By Cristin Lowe
Disconnecting from friends and family is an easy trap to fall into during divorce proceedings. So that’s why day three of the challenge is connection. Connection is what keeps us “keeping on.” Connection is why we’re here. It’s what gives purpose and meaning to our lives. We’re hard-wired to connect with other people—it’s why we’re here.
Mitch Albom discusses human connection in his best-selling book Tuesdays with Morrie. “In the beginning of life, when we were infants, we need others to survive, right? And at the end of life . . . you need others to survive, right? But here’s the secret: in between, we need others as well.”
Having the courage to embrace vulnerability and the compassion to love yourself will allow you to connect with other people. Start with your immediate family. They already know that you love them, but it’s important to remember how important it is to tell them. Borrow a little courage and compassion from people who love you and believe in you will make amazing differences in your life. It will give you a sense of belonging and one of community.
But don’t stop there. Every once in a while I sit in anonymously in the local self-help center just to observe people working on their divorce papers. Race, religion, ethnicity, and gender don’t matter. They are all confused, scared, and in pain because they’re going through a divorce. Yet in the midst of all those feelings, something wonderful happens: connection. These people will likely never see each other again. They’ll go on with their separate lives. But for a few moments, they connect. They connect through their struggle to fill out a form. They connect through sharing a war story. They connect through their silent knowledge that they are all going through the exact same thing.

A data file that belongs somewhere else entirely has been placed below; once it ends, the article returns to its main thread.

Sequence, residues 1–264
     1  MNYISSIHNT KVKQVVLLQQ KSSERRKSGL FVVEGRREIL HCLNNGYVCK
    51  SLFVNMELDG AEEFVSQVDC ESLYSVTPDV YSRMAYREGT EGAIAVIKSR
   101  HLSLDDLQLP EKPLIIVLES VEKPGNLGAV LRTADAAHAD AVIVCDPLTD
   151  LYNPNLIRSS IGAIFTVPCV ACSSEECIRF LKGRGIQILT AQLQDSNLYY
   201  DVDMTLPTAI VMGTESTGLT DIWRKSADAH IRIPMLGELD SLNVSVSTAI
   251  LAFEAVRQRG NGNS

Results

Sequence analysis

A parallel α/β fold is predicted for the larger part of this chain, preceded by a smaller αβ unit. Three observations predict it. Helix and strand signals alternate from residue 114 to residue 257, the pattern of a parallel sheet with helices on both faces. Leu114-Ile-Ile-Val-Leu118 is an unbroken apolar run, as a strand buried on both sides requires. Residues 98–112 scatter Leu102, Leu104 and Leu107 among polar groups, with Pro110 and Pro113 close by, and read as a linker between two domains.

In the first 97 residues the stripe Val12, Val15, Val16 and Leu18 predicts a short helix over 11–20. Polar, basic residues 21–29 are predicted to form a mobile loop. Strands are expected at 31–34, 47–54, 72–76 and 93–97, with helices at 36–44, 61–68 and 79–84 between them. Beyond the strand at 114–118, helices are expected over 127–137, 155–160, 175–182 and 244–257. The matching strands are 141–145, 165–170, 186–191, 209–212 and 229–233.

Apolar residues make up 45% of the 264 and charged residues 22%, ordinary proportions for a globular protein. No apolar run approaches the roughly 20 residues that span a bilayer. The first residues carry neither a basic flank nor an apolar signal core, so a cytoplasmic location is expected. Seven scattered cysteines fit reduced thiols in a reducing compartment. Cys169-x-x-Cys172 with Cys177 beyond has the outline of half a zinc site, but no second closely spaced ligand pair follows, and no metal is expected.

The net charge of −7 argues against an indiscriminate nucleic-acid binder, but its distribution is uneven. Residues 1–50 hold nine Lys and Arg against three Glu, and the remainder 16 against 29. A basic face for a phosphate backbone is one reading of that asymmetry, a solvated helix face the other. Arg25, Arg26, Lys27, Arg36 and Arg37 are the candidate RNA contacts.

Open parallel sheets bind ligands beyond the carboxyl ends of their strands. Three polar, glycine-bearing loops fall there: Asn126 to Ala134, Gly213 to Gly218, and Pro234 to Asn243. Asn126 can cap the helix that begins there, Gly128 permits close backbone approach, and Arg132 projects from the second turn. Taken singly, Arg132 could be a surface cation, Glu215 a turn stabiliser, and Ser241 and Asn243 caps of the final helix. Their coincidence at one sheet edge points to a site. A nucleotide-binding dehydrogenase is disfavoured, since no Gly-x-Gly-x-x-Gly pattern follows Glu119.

So connect with everyone around you, knowing that there is a greater than 50% chance that they have been through a divorce too and understand how you feel. Don’t be afraid to reach out to others, including strangers. It’s what you need.
Now at the end of day three, the question is now: what is the end result of courage, compassion, and connection? The answer, is authenticity.
Dr. Brene Brown sums it up perfectly:
“Choosing authenticity means cultivating the courage to be imperfect, to set boundaries, and to allow ourselves to be vulnerable; exercising the compassion that comes from knowing that we are all made of strength and struggle and connected to each other through a loving and resilient human spirit; nurturing the connection and sense of belonging that can only happen when we let go of what we are supposed to be and embrace who we are.”